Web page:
It is clear Bingham can handle landscape work, and one important aspect of this work is the landscape surrounding the men as they travel along the river. However, Bingham could have removed the landscape, and it would still be a striking piece of art. Remove the raft and the men, however, and the painting would lose its punch, and its coolness. The men and their reactions to each other are what give this painting its life, and without them, it could be a landscape anywhere, at any time. The men are what make this painting American, and they are central to the core of the Realism movement. A landscape can certainly be real and emotional, but add these very important men, and the painting takes on a new depth, and a new feeling. It is quite clear that Bingham understood his subjects implicitly, and that he understood exactly what he trying to impart on the canvas. This is another item in the list of things that make this painting cool. Bingham knew what he was doing, that is clear, but like a great writer or poet,…[continue]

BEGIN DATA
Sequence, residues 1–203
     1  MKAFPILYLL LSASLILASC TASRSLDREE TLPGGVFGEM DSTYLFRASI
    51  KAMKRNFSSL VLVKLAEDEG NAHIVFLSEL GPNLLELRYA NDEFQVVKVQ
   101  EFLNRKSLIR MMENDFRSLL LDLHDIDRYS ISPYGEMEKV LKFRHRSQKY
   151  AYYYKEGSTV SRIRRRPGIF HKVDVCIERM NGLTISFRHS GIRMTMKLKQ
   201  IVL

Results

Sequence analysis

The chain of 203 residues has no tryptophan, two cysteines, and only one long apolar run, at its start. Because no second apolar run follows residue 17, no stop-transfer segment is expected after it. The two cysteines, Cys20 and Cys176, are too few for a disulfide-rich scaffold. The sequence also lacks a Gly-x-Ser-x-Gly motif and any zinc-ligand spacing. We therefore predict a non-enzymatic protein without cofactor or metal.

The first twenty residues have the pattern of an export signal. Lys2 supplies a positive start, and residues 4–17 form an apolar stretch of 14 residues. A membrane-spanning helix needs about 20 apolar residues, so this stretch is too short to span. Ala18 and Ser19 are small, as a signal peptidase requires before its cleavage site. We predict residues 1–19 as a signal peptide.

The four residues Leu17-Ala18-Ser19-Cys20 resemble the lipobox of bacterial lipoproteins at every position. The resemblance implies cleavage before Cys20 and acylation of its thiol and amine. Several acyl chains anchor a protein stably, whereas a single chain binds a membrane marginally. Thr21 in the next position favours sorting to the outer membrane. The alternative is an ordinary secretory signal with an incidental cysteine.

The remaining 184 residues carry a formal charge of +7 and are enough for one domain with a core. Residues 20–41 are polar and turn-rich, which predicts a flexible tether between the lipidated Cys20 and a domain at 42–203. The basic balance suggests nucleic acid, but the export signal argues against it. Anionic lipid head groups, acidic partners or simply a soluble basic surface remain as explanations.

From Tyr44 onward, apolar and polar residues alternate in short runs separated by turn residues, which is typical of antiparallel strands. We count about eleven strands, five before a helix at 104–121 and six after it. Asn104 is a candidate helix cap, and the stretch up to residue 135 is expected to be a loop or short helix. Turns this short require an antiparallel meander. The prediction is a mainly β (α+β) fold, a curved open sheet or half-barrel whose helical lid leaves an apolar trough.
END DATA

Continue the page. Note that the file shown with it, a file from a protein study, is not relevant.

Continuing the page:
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"George Caleb Bingham Raftsmen Playing Cards" (2004, April 20) Retrieved November 28, 2016, from http://www.paperdue.com/essay/george-caleb-bingham-raftsmen-playing-cards-169449

"George Caleb Bingham Raftsmen Playing Cards" 20 April 2004. Web.28 November. 2016. <http://www.paperdue.com/essay/george-caleb-bingham-raftsmen-playing-cards-169449>

"George Caleb Bingham Raftsmen Playing Cards", 20 April 2004, Accessed.28 November. 2016, http://www.paperdue.com/essay/george-caleb-bingham-raftsmen-playing-cards-169449